Even after the feudal system collapsed old rules endured –
- Rather than a Will, Land Passed by Descent
- Rigid Shares – Primogeniture and Dower
- Fiscal Fees – Wardship & Marriage (taxes on minors)
It would take more time to resolve these issues. But we see changes starting to occur…trusts.
By the mid 1200’s another group with land ownership problems were Franciscan Friars. Commitments to a vow of poverty meant they were unable to own property, even their own housing. To solve this dilemma and provide housing to the clergy, local community leaders became the legal owners of dormitories where the friars lived.
Transferring property title to community leaders (co-trustees) became an effective method for towns and landowners to provide housing for the friars. Stability and security of their housing was safe from threat of confiscation or death of an individual patron.
These ‘trust’ arrangements endured as the friars housing (benefits) was guaranteed by the contractual obligation of the town. This also circumvented the Statutes of Mortmain which prohibited land donations to the church without permission of the Crown.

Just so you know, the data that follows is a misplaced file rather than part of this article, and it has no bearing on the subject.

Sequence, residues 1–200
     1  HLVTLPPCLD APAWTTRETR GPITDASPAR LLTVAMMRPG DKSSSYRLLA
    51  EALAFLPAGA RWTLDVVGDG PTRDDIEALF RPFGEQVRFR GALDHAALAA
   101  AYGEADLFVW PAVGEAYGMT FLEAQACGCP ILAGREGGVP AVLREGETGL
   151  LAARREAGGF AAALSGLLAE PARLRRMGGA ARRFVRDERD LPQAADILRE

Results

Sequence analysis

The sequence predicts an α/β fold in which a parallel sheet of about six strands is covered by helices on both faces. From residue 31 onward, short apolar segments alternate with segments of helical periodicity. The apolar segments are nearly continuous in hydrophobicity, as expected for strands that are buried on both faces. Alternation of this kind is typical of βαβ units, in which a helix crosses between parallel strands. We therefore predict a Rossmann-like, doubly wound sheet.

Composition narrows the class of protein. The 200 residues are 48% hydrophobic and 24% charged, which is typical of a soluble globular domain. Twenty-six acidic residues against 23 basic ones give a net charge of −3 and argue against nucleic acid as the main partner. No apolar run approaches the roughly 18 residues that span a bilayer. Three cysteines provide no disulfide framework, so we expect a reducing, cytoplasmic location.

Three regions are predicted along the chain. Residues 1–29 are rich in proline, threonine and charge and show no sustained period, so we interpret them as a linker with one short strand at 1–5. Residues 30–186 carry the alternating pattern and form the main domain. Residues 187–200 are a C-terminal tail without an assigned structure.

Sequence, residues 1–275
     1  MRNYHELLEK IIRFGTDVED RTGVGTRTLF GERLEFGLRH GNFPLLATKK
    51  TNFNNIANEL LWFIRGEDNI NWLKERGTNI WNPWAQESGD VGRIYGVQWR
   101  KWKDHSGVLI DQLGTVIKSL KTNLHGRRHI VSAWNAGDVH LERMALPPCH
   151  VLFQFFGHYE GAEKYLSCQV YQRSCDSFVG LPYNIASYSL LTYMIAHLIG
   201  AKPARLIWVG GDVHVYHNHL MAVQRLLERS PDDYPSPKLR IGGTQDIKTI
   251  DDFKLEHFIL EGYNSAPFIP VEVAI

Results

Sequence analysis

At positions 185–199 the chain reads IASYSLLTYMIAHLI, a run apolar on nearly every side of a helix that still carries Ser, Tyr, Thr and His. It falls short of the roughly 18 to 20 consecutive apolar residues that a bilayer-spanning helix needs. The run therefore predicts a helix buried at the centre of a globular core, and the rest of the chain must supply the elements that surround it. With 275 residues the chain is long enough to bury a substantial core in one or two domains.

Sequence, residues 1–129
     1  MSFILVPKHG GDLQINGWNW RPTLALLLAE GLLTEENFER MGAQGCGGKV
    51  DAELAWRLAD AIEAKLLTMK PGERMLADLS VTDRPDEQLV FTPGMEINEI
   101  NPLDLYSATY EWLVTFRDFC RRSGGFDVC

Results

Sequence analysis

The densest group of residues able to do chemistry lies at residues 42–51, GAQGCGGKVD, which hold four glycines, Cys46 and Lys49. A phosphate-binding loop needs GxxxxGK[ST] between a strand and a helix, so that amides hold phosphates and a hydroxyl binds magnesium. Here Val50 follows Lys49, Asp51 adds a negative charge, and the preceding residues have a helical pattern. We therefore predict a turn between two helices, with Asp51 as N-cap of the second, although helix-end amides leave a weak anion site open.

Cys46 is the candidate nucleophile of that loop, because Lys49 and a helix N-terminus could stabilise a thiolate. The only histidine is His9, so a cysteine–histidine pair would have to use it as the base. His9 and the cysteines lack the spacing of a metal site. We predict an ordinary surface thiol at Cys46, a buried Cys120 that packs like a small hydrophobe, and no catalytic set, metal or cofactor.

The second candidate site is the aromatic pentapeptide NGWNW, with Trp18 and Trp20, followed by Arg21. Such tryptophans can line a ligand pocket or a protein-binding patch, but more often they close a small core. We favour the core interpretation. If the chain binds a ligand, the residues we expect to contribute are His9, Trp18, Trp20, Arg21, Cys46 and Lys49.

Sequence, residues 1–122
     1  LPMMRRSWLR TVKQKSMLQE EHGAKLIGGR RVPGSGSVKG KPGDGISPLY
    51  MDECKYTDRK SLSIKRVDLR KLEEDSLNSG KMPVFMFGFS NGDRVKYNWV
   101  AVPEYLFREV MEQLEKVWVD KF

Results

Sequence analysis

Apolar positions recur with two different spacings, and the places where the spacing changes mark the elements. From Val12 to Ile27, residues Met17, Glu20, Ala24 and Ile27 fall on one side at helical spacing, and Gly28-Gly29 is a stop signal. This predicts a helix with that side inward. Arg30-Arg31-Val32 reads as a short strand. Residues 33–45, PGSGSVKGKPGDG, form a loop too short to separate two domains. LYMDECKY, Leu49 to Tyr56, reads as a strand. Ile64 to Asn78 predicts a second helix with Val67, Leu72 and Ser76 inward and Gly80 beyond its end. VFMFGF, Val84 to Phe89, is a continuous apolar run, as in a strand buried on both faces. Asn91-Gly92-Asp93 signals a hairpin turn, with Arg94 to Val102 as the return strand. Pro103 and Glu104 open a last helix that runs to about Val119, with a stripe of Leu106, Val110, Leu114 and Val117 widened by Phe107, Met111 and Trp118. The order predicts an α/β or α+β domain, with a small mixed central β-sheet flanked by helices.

Other vassal landowners such as “Mr. Smith” took notice because they were still at risk of losing their property from capricious exactions by the King.
They transferred title to powerful Dukes (co-trustees) as the legal owners of their property. Written agreements (declarations) made clear named heirs (beneficiaries) have the right to use and enjoy their land proved successful.
These trusts served as the progenitor of the famous English dynasty estates. This is how land remains in one family for centuries. Because the Dukes were legal title holders, none of the feudal rules applied.
“Mr. Smith” was now able to make provisions for wife, daughters, and his younger sons. A trust also prevented “escheat” when someone dies without surviving lineal descendants. A trust protected families against the gross injustices of feudal land law centuries out of date. Because trustees were nominal owners (title) none of the feudal rules were triggered.
Unlike living (inter-vivos) trusts – effective before death, these ‘testamentary’ trusts only became effective after death. The primary purpose of these early trusts was to facilitate the transfer of freehold land within the family.